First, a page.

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West Africa Politics

Guinea Bissau Names Road After Nigeria’s President2 minutes read



Guinea Bissau has named a road road in honour of Muhammadu Buhari, the President of West African neighbours, Nigeria.

Buhari will on Thursday depart Abuja for Bissau to attend the National Day of the Republic of Guinea Bissau, September 24.

The President’s Spokesman, Mr Femi Adesina, confirmed this in a statement in Abuja on Wednesday.

According to the presidential aide, Buhari will join the Heads of State and Government of Senegal, Cote d’ Ivoire, Rwanda, Mauritania, Togo and Liberia to mark the 47th independence anniversary of Guinea Bissau.

He revealed that while in Bissau, Buhari would also inaugurate a road named in his honour by the host government.

“The Nigerian leader and other invited Heads of State will attend an official lunch hosted by President Umaro Sissoco Embaló of Guinea Bissau,’’ he added.

Nigeria and Guinea Bissau established diplomatic relations in 1974.

Following a military coup in that country, Nigeria in 2012 deployed troops under the auspices of ECOWAS Mission in Guinea Bissau (ECOMIB) to maintain peace.

Buhari had in response to a request for assistance by the Government of Guinea Bissau during its last legislative elections, donated 500,000 dollars, 17 vehicles and 350 electoral kits to support the country’s electoral process.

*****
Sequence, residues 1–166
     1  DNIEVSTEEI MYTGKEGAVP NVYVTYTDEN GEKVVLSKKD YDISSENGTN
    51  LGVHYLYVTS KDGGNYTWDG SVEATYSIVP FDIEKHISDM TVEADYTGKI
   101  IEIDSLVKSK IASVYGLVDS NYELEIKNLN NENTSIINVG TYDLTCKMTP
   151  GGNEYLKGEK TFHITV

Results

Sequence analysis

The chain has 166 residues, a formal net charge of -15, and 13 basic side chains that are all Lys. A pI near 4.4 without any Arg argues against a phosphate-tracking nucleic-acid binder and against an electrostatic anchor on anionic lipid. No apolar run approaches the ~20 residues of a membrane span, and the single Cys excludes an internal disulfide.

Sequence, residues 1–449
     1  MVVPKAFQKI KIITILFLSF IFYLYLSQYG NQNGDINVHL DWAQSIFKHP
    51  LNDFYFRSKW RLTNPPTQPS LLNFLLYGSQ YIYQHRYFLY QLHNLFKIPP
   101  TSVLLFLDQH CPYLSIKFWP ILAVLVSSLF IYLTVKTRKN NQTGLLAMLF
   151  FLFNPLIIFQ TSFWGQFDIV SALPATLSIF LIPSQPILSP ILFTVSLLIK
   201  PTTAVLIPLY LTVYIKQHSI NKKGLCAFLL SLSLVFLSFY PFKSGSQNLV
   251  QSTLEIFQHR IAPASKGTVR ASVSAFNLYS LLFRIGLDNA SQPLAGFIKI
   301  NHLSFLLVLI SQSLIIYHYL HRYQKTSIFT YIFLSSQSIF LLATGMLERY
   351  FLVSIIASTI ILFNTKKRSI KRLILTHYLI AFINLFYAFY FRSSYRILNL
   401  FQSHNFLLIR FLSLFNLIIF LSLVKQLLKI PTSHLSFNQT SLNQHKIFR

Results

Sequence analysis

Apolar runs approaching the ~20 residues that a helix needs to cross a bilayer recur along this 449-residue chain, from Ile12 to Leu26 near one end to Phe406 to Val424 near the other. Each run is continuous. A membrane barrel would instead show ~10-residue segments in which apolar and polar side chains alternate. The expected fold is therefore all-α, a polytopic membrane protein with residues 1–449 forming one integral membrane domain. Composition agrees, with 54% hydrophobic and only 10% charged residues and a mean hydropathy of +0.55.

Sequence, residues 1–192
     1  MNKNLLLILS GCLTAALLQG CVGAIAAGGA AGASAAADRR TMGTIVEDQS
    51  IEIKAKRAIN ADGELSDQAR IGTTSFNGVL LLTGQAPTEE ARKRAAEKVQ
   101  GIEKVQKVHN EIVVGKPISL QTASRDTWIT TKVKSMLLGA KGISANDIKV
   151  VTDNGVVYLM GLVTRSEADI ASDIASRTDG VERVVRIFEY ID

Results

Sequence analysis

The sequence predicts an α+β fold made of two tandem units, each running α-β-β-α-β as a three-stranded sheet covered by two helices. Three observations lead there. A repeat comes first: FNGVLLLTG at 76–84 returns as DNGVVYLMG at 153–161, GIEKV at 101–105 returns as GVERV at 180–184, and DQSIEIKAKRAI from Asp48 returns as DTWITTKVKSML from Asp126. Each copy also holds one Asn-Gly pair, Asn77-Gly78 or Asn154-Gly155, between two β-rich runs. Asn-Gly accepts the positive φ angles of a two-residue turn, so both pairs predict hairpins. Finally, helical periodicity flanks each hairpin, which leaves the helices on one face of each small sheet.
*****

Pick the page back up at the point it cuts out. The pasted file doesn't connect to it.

In May this year, the president received President Embalo in Abuja, during which the Nigerian leader congratulated his counterpart on his confirmation as President and assured him of Nigeria’s support to the new government in Guinea Bissau.

Nigerian troops were only withdrawn on Sept. 10, 2020 after the return of stability to the West African country.

Adesina said the president would be accompanied by top government officials, including the Minister of Foreign Affairs, Geoffrey Onyeama and the Minister of Defence, Retired Maj.-Gen. Bashir Salihi Magashi.

Others on the president’s entourage include the National Security Adviser, Retired Maj.-Gen. Babagana Monguno and the Director-General, National Intelligence Agency, Ahmed Rufai Abubakar.

The president will return to Abuja at the end of the ceremonies on Thursday.


Guinea’s Election: Questions Remain As To Credibility Of Result, Says EU